• Ensure you are providing a mechanism for unsubscribing or opting out. Again, marketing automation provide the features, such as automated printing of unsubscribe links on marketing emails and management of no-send lists. However, you must enable these and ensure they are being followed.

[You may also like "GDPR: Seek re-consent or burn your contacts database, really?"]

  • Where there is a requirement to seek consent, are you storing this and are you using consent appropriately? Marketing automation solutions will not stop you abusing your legal basis for processing personal data and this is a responsibility you must take on yourself.
  • Have you highlighted your use of a marketing automation platform in your privacy policy? There is nothing wrong with using a marketing automation platform, however you are expected to be transparent with data subjects about the data processing which takes place. For example, marketing automation platforms are likely to capture items of personal data which you hadn't considered, such as IP address, location and timestamp.
  • Review any add-ins or plugins which you may use with your marketing automation platform. Plugins for online webinars and other features can be extremely useful for inbound marketing and interactivity but how are these tools processing personal data? Consider whether in breach of the GDPR, what would your legal basis for processing be and have you been clear with data subjects about the solutions you use?
  • How can you comply with data subject access requests? Marketing automation solutions will allow you to modify personal data, remove data subjects from processing workflows and even remove or export their personal data. Yet this will likely not do for you; have you made sure to including marketing automation solution personal data as part of your plan to execute data subject rights?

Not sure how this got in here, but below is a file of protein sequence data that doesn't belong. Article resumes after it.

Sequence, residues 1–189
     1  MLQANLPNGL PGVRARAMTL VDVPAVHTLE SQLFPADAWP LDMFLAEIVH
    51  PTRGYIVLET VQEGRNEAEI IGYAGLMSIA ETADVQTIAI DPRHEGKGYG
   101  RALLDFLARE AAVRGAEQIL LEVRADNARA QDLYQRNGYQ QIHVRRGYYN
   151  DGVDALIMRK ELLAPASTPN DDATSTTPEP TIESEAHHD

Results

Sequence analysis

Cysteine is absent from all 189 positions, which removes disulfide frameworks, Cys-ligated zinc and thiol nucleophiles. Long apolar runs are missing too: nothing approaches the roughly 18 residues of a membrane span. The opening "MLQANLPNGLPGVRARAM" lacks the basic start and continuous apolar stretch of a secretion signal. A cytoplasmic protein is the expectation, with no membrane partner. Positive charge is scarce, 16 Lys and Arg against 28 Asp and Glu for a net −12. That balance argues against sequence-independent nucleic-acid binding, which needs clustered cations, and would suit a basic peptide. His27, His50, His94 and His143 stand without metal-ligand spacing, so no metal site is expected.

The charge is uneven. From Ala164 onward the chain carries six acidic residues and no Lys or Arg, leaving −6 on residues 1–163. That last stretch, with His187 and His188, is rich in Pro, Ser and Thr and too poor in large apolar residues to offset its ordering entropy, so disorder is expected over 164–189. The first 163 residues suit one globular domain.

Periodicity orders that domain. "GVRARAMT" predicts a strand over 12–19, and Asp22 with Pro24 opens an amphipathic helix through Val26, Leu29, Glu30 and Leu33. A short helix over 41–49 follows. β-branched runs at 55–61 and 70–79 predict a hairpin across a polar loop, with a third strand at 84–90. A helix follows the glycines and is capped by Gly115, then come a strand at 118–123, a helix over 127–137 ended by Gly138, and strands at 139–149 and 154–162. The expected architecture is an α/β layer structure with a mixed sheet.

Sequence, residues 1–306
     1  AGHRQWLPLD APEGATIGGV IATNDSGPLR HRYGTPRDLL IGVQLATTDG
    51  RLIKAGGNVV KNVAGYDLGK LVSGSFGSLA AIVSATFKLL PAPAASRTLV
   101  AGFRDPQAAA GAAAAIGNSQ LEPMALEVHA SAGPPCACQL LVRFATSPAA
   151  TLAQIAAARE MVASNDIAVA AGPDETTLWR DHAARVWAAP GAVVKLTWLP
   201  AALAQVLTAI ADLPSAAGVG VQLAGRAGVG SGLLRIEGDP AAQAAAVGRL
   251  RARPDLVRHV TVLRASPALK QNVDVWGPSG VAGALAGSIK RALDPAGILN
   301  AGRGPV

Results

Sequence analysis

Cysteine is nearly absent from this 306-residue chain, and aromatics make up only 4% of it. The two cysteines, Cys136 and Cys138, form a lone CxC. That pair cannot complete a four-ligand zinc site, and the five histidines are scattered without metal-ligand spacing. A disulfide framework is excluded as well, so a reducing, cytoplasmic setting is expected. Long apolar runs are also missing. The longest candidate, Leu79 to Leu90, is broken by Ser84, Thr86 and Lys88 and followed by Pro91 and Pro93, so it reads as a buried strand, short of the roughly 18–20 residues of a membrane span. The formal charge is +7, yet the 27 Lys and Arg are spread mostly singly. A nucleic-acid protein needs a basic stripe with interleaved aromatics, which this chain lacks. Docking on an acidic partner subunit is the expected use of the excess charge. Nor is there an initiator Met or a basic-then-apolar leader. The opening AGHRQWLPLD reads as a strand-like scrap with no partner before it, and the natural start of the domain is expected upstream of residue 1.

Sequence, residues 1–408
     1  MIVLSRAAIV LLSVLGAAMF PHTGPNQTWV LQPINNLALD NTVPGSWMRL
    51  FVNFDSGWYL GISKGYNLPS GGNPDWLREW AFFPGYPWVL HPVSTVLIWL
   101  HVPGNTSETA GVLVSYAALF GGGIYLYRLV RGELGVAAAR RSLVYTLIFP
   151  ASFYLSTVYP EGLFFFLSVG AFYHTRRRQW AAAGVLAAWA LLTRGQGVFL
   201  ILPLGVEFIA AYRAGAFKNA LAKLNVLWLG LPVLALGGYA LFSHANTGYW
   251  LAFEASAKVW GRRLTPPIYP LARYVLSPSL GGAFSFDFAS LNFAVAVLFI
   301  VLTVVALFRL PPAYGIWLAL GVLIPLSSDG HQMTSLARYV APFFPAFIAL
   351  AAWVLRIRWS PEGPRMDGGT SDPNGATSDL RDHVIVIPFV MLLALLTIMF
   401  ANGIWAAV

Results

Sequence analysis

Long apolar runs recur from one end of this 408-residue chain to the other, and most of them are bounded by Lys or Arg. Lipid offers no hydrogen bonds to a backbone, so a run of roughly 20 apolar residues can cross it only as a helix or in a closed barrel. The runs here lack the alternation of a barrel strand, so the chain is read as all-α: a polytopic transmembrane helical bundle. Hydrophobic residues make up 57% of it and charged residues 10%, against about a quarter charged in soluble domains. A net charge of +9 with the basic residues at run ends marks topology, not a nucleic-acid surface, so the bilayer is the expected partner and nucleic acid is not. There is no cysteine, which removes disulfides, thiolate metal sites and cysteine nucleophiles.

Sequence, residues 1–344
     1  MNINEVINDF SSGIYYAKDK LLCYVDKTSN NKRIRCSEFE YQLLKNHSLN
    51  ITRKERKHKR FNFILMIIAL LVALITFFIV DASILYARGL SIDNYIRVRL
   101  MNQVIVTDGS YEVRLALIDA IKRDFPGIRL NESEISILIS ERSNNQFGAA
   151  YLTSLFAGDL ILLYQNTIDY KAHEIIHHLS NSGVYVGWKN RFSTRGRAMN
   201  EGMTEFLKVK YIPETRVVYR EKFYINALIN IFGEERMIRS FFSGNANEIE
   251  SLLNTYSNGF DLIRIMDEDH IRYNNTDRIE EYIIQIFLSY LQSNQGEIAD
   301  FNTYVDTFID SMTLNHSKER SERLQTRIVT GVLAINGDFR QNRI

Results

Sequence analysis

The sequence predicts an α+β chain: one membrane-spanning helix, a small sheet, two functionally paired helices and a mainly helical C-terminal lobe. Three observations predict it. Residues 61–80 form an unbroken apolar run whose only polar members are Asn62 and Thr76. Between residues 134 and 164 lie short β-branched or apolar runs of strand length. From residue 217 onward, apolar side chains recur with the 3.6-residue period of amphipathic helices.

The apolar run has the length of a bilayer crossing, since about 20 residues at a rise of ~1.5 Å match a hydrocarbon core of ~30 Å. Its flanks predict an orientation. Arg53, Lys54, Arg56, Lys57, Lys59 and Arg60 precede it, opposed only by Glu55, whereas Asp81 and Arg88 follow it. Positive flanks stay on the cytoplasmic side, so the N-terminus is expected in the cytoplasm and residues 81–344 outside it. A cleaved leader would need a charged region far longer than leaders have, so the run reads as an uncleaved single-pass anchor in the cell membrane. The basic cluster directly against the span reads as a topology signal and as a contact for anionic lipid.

• Some marketing automation platforms will re-use personal data for their own advertising, analytics and re-processing purposes, especially if the solution is free. The terms and conditions of marketing automation platforms are likely to reflect this and possibly there are settings to turn this off. If not, you will need to account for this in your privacy policy and inform data subjects.

[You may also be interested to read "The GDPR Lifecycle: Plan your Strategy from Discovery to Protection"]

You can run but you can't hide

Marketing automation solutions are amazing toolkits for lead generation, contact databases and creating a powerful marketing presence in the marketplace. But they are not solutions which can be hidden behind in the face of data protection regulations. The responsibility still lies squarely with you to ensure that the way you have the solution set up and configured to comply with the articles of the GDPR.

As a data controller, you must define the behaviour of the data controller towards personal data processing based on your requirements. As sophisticated and smart as a marketing automation solution is, its data protection intelligence is only as deep as its owner.

Lead Acquisition Marketing Automation Post GDPR

Chris Payne Senior Technical Consultant, Infinigate UK
Posted by Chris Payne
Senior Technical Consultant, Infinigate UK